Independent Field Research, Long Life Design

1) Observe the world around you — people on the streets, in shops, at events you attend and on your commute to school. etc. What practices (actions) do you see that enable Long Life Design — actions that support things to last? What actions do you see people do that make things quickly become unusable or thrown away? Post 2-3 photos + examples.

This is a coffee shop that I visit often. When they offer a coffee, they prefer us to use a mug cup instead of disposable cups. I think this is an act of enabling long life design because mug cups could be used for a long time over and over again. Also, it prevents people to throw away cups that produces a lot of trashes and landfills.

However, there were still some people who preferred using disposable cups because they wanted to bring it with them. I saw some people throwing away their cups in the trashcan.

This is a vintage clothes shop where they sell clothes that have been worn by others but in good condition. They select the clothes and resell it in a lower price. I think this also fits the long life design criteria because they are reselling clothes that would otherwise have been thrown away. Especially when clothing industry is impacting the environment due to massive amount of clothes that are just thrown away, I think this is a great solution.


2) Read How to Buy Clothers that Are Built to Last (Links to an external site.) as inspiration. Do you consider any of these suggestions already when buying clothes?

I consider buying clothes made with thicker fabrics especially on winter times. Even if it is just a T-shirt I want to buy something thick because I feel like that would last longer than thinner ones that wears out quickly.

I also think “will I wear it again?” when buying clothes. Even if I upload it on social media I often just wear it. If I have already wore a t-shirt, I can always wear it again by matching it with other items or accessories.


3) Analyze your own actions. Provide at least one example of how you already practice Long Life Design and one example of how you don’t. Include 2-3 photos.  Consider the things that you will  keep or throw away by the end of the day, next week, end the semester and will keep beyond your time at Parsons. Is it more common that your actions or the materials themselves make things last  — or become trash?

I got this printer from my friend who is currently taking a gap year. When she was packing, she said she’s going to throwaway all the things that are heavy/ not able to take it home. This printer that she was going to throw away was still usable and it still works well. If I did not get this from my friend, I would have bought one from a store. This way the printer laster longer and will last more beyond my time at Parsons.


Yesterday, I ordered pho via uber eats, and I got all the ingredients in separate bags. There were like 7 different bags inside that were supposed to be thrown away after pouring all the ingredients. I understand their act to keep those separate so that they don’t get rotten. However, I felt like there were too much things to throw away even if I just ordered one, and I can’t imagine how much of these will be thrown away every day, because it was a popular restaurant.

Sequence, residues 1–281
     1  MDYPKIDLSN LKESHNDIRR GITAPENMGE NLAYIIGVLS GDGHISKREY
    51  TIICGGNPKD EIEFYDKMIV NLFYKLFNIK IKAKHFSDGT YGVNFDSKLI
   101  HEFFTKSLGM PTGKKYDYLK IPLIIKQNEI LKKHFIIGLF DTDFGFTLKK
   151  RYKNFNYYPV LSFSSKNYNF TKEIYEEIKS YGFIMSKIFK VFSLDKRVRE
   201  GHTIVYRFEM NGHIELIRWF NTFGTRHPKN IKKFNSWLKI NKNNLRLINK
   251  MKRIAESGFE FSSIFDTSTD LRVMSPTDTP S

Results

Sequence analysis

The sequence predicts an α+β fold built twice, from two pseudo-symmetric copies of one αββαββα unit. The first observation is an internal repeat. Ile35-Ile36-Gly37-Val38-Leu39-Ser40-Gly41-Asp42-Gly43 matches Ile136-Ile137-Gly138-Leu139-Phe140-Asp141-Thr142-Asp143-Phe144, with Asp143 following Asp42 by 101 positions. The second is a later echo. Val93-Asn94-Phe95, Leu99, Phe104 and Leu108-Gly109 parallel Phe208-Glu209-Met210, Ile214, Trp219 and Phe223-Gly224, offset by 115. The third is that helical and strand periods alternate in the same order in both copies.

4) Learn about the effects of climate change on food (Links to an external site.) and read about the new zero waste restaurant Rhodora (Links to an external site.). What do you think of these realities related to food systems? Would you like to visit this restaurant? Do you think it will last more than 10 years (why or why not)?

I was surprised that little changes to the temperature and shift in a growing season can upset supply chains, labor schedules. I did not know that so many farmers have failed to raise crops because of shift in weather and temperature. This also has a big impact on food systems and supply chains because they are the ones who provide those crops and fruits to bakers, firms and other people. If suppliers keep failing to harvest crops, they could not provide enough and people won’t be able to buy much as well, which would result economic problems and lack of supply chains in food systems.

I would like to visit this restaurant because as a consumer, I would like to spend money on restaurants that consider environment and do things for everyone’s good. I think it will last long if everyone’s willing to participate and visit the restaurant but on the other hand, I am concerned because these days not a lot of people want to take care of their waste/trash at a restaurant.

5) Next, read about Fong On tofu in Chinatown, a recently re-opened shop by Mr. Eng. This was once his grandfather’s 80-year-old store. (Links to an external site.) Do you think this new shop will last more than 10 years (why or why not)? How might a cultural community like Chinatown and a long history help enable this business to last? How might inventing new foods and approaches that attract new customers beyond the  local Chinese help it last? Do you think it’s possible to do both at the same time (combine a long history and new approaches)?

I think it will last more than 10 years because it is not just a new brand but a shop that has a long history of maintaining the store. I think inventing new foods and attracting new young customers beyond the local Chinese is a great idea because only approaching to local Chinese customers has limitations. I think they succeeded searching for new audiences who are young so that they could visit the shop for a long time in the future. However, I think it is hard to combine a long history/tradition and new approaches because the old recipe has been altered and they already came up with a lot of new / trendy menus for young generation.


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